ENTERTAINMENT

Should These NYC Subway Seats Be Covered In Nazi Flags Right Now? (UPDATE)

It's all an ad for Amazon Prime's "The Man in the High Castle."
A still from the Amazon Prime series, "The Man In The High Castle."
A still from the Amazon Prime series, "The Man In The High Castle."

UPDATE: The ads, which were previously scheduled to run until mid-December, have been removed from subway cars under pressure from New York Governor Andrew Cuomo, CBS2 reports. A representative from Amazon shared the following statement with The Huffington Post:

Amazon Studios creates high-quality, provocative programming that spurs conversation. The Man in the High Castle, based on an acclaimed novel, explores the impact to our freedoms if we had lost World War II.  Like Transparent and the movie Chi-Raq, stories that society cares about often touch on important, thought-provoking topics. We will continue to bring this kind of storytelling to our customers.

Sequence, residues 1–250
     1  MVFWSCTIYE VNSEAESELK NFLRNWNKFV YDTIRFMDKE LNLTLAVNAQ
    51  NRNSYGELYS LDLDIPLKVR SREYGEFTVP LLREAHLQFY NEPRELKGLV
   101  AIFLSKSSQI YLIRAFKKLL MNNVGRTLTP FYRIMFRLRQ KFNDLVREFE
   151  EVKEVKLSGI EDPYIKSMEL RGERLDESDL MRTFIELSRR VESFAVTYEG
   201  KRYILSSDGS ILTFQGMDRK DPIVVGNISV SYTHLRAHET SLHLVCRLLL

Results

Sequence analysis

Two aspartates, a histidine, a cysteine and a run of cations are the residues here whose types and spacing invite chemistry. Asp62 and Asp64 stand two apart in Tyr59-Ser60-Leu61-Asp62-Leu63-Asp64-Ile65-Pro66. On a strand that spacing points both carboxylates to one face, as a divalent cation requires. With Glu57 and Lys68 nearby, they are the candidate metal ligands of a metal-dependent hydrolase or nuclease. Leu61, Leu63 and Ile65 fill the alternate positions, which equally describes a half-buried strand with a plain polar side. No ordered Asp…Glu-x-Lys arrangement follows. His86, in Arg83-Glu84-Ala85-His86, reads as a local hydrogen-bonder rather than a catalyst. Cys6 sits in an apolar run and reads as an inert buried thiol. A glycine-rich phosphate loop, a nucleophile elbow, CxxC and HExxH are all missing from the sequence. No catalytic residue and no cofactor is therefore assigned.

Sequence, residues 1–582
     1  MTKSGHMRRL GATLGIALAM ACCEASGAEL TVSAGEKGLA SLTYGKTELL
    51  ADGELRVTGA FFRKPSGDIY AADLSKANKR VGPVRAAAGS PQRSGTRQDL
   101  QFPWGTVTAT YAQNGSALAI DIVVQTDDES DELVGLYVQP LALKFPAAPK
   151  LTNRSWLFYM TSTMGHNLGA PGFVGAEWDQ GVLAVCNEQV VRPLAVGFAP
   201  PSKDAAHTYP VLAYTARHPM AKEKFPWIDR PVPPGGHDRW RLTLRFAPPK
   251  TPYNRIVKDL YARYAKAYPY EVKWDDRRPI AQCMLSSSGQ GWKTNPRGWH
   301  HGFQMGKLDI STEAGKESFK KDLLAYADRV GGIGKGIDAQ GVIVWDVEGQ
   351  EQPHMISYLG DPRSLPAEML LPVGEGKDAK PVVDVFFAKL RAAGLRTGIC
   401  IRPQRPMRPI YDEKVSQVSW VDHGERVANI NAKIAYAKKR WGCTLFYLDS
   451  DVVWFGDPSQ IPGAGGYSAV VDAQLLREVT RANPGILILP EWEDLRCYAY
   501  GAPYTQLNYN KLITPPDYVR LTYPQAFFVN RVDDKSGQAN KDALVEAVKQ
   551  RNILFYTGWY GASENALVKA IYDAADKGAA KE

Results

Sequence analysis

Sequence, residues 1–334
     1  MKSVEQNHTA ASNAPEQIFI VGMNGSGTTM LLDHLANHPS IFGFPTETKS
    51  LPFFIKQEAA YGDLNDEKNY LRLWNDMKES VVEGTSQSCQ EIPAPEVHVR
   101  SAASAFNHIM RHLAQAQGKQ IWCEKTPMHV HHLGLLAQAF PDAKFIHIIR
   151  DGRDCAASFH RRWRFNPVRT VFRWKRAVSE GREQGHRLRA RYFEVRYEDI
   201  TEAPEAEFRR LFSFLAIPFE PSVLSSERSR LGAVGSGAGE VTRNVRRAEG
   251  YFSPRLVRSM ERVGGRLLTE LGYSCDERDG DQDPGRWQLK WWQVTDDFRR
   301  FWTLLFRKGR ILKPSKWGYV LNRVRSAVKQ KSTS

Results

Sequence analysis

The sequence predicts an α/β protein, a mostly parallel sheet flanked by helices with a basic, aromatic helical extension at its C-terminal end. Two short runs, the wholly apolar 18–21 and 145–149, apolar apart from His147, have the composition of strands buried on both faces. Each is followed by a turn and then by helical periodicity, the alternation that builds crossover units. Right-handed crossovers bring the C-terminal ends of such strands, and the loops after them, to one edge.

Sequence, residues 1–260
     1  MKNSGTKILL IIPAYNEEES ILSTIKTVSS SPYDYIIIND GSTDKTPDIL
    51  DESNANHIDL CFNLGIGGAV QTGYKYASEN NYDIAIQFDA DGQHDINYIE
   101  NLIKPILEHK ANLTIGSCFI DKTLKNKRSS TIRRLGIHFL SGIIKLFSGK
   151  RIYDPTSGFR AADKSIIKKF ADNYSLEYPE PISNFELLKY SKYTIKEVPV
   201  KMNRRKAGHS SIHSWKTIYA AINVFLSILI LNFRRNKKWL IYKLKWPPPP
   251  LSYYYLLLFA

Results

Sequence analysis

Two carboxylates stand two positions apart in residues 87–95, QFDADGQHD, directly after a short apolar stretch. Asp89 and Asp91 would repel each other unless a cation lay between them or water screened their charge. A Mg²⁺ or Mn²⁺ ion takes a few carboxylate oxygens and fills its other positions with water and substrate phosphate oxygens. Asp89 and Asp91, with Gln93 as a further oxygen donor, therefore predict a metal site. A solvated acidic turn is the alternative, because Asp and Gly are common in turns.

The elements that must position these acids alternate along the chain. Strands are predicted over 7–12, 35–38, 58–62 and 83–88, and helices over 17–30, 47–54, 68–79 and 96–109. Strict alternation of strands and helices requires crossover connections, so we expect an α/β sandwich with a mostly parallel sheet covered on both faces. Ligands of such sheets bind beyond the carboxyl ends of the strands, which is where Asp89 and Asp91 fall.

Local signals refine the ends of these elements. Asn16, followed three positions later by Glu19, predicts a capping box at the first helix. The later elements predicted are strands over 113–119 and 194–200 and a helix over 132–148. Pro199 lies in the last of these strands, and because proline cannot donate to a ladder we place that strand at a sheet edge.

PREVIOUSLY: Select New York City subway cars are currently wrapped with the Metropolitan Transportation Authority-sanctioned insignia of Nazi Germany and Imperial Japan. On purpose.

The stunt is part of an ad campaign by Amazon to promote awareness of its new streaming series, "The Man in the High Castle," which reimagines a future where Nazi Germany emerged victorious from World War II.

The show is very good, according to reviews. The ads are ... questionable.

"Man in the High Castle" is based very loosely on a 1962 novel by Philip K. Dick. The new series, which landed on Amazon's streaming service Nov. 20, has been praised for the depth of the creators' imagined world, with Nazi mottos and symbols peppered with thoughtful care throughout even mundane scenes. For a seemingly contentious show, the subway cars' smack-in-your-face quality is a strange fit. 

An MTA representative confirmed to Gothamist that the ads -- spotted on 42nd street shuttles -- were approved and conform to the organization's advertising guidelines. Response on Twitter has been disapproving.

So, is this OK? Is an impossible-to-ignore reminder of a horrific period of assault on human rights disrespectful to the city's large Jewish population? Is it worth the uptick in traffic on one company's website?

 

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